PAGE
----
Managed exception handling is built on Windows OS’s Structured Exception Handling, commonly referred to as SEH (to learn more about SEH, please read Matt Pietrek’s excellent article first). This implies that CLR understands how to interoperate between SEH and managed exception systems, which is a very key point since SEH is based upon the notion of exception codes, while managed exception handling represents an exception using a managed type. Depending upon how, and by whom, the SEH exception is raised, the CLR accordingly maps it to a managed exception.
Note: The following discussion is focused on the Desktop CLR, which runs on Windows OS. While the idea of the discussion is to help understand the concept, it is illustrated using some implementation details that could change in future.
Synchronous exceptions in managed code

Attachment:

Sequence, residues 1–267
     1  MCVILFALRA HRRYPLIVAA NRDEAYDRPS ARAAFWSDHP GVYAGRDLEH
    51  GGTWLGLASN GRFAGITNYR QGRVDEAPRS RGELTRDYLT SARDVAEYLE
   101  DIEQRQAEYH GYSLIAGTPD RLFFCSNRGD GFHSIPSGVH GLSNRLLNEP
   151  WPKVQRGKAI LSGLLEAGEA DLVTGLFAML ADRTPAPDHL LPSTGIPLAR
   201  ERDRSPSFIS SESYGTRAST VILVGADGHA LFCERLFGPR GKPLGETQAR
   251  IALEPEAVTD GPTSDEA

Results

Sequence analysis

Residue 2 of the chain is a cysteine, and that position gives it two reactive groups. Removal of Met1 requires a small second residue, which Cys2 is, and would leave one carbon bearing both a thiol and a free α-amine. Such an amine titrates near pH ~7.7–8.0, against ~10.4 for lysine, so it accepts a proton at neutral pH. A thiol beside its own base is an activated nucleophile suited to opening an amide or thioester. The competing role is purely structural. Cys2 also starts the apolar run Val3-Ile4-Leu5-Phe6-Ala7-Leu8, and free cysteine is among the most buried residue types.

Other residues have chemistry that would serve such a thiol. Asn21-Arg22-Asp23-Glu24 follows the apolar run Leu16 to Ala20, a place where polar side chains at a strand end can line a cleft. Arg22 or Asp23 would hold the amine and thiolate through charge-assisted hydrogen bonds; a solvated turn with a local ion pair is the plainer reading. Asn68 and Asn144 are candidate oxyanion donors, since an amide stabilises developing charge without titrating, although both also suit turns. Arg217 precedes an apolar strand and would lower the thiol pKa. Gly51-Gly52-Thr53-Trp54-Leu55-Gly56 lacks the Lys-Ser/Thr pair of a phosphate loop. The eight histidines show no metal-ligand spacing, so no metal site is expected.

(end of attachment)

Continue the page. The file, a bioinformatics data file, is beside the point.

When managed code uses the throw keyword to throw an exception, it has already instantiated a managed exception object that will represent the thrown exception. This is passed to the CLR, which sets up some exception related state on the thread and invokes the Kernel32’s RaiseException API to raise the managed exception. The first argument to this API is the SEH exception code for the exception being raised and the CLR passes 0xE0434F4D, the managed exception SEH code.
At this point, the OS comes into the picture and begins to look for an SEH exception handler on the stack of the thread which raised the exception. The CLR registers one of its functions as an exception handler with the OS, to process exceptions arising out of managed code. When it sees the CLR SEH exception code, it knows that a managed exception is being raised and proceeds to look up the thread state to retrieve exception related details (e.g. identify the managed exception object representing the exception being raised).
Thus, in the case of synchronous managed throw, it is easy to map the SEH exception to managed exception type.
Asynchronous exceptions in managed code